name = "Lycos"
      substring = "lycos.com"
      regexp = "lycos\\.[^/]+/.*[&?]query=([^&]*)"
    } # lycos

  
    google2 = {
      name = "Google"
      substring = "google."
      regexp = "google\\.[^/]*/.*[&?]q=([^&]*)"
    } # google

    msn_search = {
      name = "MSN Search"
      substring = "search.msn."
      regexp = "search\\.msn\\.[^/]*/.*[&?]q=([^&]*)"
    } # msn_search

  } # search_engines

search_engines.cfg (with MSN Search added)


That would work--you'd see "MSN Search" in your Search Engines report. But the next time you updated to the newest Sawmill, your change would be overwritten by the newest search_engines.cfg. A better solution is to create a file in LogAnalysisInfo (next to search_engines.cfg) called search_engines.cfga:


   search_engines = {
 

    msn_search = {
      name = "MSN Search"
      substring = "search.msn."
      regexp = "search\\.msn\\.[^/]*/.*[&?]q=([^&]*)"
    } # msn_search

  } # search_engines

search_engines.cfga


When Sawmill goes to look at search_engines.cfg, it will automatically add the information from search_engines.cfga, as it reads it, and the effect will be the same as if you had modified search_engines.cfg. On the next update, search_engines.cfg will be overwritten, but your modifications will not be lost, because they are in search_engines.cfga, which is not overwritten (because it is not part of the standard distribution of Sawmill).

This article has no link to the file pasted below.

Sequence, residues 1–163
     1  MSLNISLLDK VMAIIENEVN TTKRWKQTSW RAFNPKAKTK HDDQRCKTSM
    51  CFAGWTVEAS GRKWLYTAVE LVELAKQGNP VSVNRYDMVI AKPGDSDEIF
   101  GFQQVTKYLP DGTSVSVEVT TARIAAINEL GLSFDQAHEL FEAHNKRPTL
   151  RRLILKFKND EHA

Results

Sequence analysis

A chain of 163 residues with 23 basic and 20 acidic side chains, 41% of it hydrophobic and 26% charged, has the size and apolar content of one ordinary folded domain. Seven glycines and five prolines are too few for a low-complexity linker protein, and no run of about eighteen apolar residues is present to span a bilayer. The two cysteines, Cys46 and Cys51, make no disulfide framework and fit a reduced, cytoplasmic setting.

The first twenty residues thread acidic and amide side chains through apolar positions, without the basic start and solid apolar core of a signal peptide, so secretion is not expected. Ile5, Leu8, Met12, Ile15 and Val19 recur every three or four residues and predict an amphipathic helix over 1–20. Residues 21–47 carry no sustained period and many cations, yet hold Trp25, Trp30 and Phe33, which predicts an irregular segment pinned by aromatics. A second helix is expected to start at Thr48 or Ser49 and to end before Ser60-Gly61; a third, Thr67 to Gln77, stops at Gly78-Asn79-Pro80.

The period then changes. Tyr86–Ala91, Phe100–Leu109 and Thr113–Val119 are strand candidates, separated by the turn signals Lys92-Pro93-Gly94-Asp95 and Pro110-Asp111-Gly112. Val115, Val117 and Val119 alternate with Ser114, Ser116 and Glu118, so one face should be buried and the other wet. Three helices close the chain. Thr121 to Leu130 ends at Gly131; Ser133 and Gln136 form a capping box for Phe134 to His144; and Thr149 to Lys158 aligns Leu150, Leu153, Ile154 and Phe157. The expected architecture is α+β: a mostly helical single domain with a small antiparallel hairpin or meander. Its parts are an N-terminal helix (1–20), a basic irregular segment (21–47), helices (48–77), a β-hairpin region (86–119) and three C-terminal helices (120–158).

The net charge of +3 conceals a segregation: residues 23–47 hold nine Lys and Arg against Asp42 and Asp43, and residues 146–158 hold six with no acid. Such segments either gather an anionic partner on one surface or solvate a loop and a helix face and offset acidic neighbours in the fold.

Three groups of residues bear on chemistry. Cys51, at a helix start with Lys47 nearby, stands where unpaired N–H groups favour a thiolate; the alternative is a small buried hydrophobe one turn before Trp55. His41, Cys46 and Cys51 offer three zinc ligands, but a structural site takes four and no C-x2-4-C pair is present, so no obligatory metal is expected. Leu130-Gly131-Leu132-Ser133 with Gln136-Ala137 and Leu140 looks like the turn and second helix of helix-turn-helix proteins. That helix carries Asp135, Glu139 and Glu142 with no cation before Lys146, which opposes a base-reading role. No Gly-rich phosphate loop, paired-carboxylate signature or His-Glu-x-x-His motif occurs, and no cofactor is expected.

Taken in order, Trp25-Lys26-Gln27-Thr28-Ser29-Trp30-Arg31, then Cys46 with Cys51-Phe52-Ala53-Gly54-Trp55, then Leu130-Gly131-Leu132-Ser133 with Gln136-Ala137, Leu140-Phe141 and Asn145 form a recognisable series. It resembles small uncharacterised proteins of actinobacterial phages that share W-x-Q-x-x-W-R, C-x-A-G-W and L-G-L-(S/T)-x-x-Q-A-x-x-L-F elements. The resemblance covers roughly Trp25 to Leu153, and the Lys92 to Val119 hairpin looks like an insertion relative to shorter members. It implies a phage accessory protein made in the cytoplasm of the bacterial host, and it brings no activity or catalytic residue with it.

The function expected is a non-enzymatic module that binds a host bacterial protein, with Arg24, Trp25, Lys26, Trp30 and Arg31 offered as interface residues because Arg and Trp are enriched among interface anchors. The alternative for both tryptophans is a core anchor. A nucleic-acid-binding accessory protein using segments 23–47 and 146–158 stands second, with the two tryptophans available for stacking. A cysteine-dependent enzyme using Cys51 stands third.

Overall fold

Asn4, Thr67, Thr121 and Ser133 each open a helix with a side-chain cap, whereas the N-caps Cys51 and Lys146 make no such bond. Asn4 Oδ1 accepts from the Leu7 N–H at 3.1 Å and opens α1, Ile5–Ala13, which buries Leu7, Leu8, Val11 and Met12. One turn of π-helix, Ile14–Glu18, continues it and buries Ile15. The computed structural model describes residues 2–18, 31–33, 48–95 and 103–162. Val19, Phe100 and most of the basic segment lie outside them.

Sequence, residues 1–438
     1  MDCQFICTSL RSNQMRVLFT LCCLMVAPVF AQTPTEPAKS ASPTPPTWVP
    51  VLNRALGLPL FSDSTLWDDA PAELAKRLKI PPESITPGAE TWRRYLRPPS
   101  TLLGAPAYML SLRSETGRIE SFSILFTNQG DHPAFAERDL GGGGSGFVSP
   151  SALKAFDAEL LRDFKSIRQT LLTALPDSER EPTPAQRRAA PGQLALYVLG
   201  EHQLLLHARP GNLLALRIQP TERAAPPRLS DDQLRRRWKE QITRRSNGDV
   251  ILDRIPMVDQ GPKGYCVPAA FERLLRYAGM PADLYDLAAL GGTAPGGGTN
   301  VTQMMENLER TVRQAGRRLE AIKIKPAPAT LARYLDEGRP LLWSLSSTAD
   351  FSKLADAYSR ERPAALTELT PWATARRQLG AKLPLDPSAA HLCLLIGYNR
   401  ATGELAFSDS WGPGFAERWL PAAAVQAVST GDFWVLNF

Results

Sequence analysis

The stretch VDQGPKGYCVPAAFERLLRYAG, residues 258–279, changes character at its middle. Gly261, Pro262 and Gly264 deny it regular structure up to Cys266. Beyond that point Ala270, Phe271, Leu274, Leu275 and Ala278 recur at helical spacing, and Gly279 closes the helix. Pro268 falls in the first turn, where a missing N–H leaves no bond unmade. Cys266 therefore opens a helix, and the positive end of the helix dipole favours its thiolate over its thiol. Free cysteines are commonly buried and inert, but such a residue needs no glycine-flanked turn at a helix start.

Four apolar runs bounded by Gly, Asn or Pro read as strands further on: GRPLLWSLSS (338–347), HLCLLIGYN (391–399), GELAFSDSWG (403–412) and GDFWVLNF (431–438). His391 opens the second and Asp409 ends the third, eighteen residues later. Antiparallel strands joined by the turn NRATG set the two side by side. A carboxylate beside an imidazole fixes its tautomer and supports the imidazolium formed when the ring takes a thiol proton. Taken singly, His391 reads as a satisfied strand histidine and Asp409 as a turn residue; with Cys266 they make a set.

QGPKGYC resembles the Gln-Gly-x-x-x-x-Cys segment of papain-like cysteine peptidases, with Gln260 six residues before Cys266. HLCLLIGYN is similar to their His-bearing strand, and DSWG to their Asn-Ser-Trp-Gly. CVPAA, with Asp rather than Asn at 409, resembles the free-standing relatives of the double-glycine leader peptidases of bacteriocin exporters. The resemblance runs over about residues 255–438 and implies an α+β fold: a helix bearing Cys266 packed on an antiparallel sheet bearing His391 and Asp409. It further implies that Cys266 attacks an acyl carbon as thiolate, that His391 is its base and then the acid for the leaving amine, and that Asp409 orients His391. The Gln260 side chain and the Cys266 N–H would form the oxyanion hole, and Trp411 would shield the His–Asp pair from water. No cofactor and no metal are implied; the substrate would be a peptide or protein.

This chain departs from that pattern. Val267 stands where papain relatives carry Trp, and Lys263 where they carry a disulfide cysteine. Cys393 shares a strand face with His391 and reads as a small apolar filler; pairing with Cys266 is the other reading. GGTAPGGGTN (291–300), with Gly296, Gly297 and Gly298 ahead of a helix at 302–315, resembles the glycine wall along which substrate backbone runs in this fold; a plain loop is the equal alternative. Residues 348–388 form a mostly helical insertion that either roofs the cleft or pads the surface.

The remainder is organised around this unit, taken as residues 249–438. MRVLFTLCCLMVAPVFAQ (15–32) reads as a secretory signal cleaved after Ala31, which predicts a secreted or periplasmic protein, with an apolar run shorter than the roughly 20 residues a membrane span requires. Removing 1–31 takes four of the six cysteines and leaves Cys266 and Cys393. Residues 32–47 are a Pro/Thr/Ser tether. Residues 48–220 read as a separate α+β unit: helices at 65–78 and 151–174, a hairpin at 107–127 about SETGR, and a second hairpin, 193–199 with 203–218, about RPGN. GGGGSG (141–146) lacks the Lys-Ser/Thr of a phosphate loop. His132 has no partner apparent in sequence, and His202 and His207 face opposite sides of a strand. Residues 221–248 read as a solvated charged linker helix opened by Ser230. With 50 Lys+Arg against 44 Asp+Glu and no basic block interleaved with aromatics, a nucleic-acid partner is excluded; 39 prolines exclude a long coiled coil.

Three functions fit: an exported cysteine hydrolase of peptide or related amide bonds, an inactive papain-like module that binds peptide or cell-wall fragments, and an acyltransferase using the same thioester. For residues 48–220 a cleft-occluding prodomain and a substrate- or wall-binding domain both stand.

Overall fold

Example 2: Adding A Log Filter To A Log Format Plug-in

Suppose you always want to discard spider traffic from your Apache logs. You could do this by adding a log filter like this one, each time you create a profile, to the log_filters section (log.filters):


  (... beginning of file omitted ...)
    reject_spiders = `if (spider ne '(not a spider)') then 'reject';`
  (
... end of file omitted ...)


Modification to profile CFG (partial)


But that would affect only that profile; it would have to be re-done for any future profiles. So a better solution is to add that filter to the apache_combined.cfg plug-in, in the same place as you would add it in the profile (log.filters). That would add the filter to all future profiles created for that log format. But the plug-in change would be overwritten when you upgrade to a new release of Sawmill, so you would have to re-do the plug-in edit after each upgrade. So the best solution is to create a new file, in LogAnalysis\log_formats, called apache_combined.cfga (next to the apache_combined.cfg log format plug-in file), which contains this:


  apache_combined = {
    log.filters.reject_spiders = `if (spider ne '(not a spider)') then 'reject';`
  } # apache_combined


apache_combined.cfga


This has the same effect as adding that line to apache_combined.cfg--it adds the filter to the bottom of the list of any new profile created from that plug-in--but when you upgrade to a new version, the plug-in change will not be overwritten. So this has to be done only once, and will add that filter to all future profiles for that format, for all future upgrades of Sawmill.


Other Uses Of CFGA Files

This can also be used to:
All these changes will survive upgrading, and can be moved to different installations to apply the changes there, without editing CFG files.


[Article revision v1.0]